I am so happy, I am about to swoon . . . .
Ashke has learned so much this winter and can demonstrate it in so many different ways. . . .
Last September, I worked with Ashke on opening and closing the gate. He was okay from the left side and after a lot of work, he had the idea from the right. We struggled with him moving away from the gate (spooky) instead of moving with the gate and then stopping. It took a lot of work and extra peppermints to get that far.
Over the winter, we took lessons from Cassandra and practiced what she was teaching us a lot. One of the things we worked on very consistently was leg yields, turns on the forehand and turns on the haunches. Ashke has gotten so good that I can just tighten my leg muscles and he moves away from that leg. I can position him next to the mounting block, or the rail, or a gate without needing to do more than ask him to swing his hips around.
On Friday, I rode him over to the gate and with a loose rein, positioned him to open it to the right (his left shoulder is by the front opening) I grasped the gate and just shifted my weight and he pivoted on his haunches, pulling the gate open with his shoulder. When the gate was open, we walked around the end and through. (This was the hard part in the fall, because the gate is narrow and it's hard for him to walk through and swing his haunches around without hitting the fence post). He walked through just enough to clear the post, then stopped, stepped back and to the side, positioning himself perfectly for me to close the gate. I didn't have to do anything but guide him around the end of the gate and then lock it. I praised him a lot, and he looked back expecting a peppermint.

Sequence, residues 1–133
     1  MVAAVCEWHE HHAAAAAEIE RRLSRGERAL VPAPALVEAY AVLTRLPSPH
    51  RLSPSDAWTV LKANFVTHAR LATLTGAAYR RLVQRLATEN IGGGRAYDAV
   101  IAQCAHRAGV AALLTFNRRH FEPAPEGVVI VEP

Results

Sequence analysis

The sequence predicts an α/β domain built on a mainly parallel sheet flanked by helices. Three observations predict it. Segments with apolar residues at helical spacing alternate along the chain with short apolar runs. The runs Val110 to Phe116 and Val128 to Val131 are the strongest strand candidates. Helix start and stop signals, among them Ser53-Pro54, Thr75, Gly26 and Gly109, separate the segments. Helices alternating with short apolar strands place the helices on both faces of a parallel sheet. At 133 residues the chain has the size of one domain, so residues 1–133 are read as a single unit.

In thinking about it later, Ashke put two different training experiences together on his own. He combined the earlier experiences with the gate with the lateral practice we've worked on all winter, to maneuver his way through the obstacle without any real guidance from me.
Tonight we cantered on the straightaway, up the hill, between the paddocks and the fence. In control and happy. He slowed when I asked at the top, then turned and walked quietly back down. We did cantering five times up. After cantering for a while in the arena. At the walk and trot he was very willing to use his back. At the canter, I just wanted him to move forward. And that we did. He did give me several moments when he was able to use his back and on the uphill canters he was using his butt a lot. We felt like he was floating on his front legs.
It was amazeballs.
No spooks. No attempts to evade work. Willing boy. We only did five because we need to work our way up to more and I don't want him sore after the effort.
We cantered outside and under control.
I can not express my thanks to Cassandra for the guidance and training she gave us this winter. It's given me so much more confidence. It's given Ashke more confidence. And most of all it built a great foundation of trust between us.
It also doesn't hurt that I have the smartest horse in the world.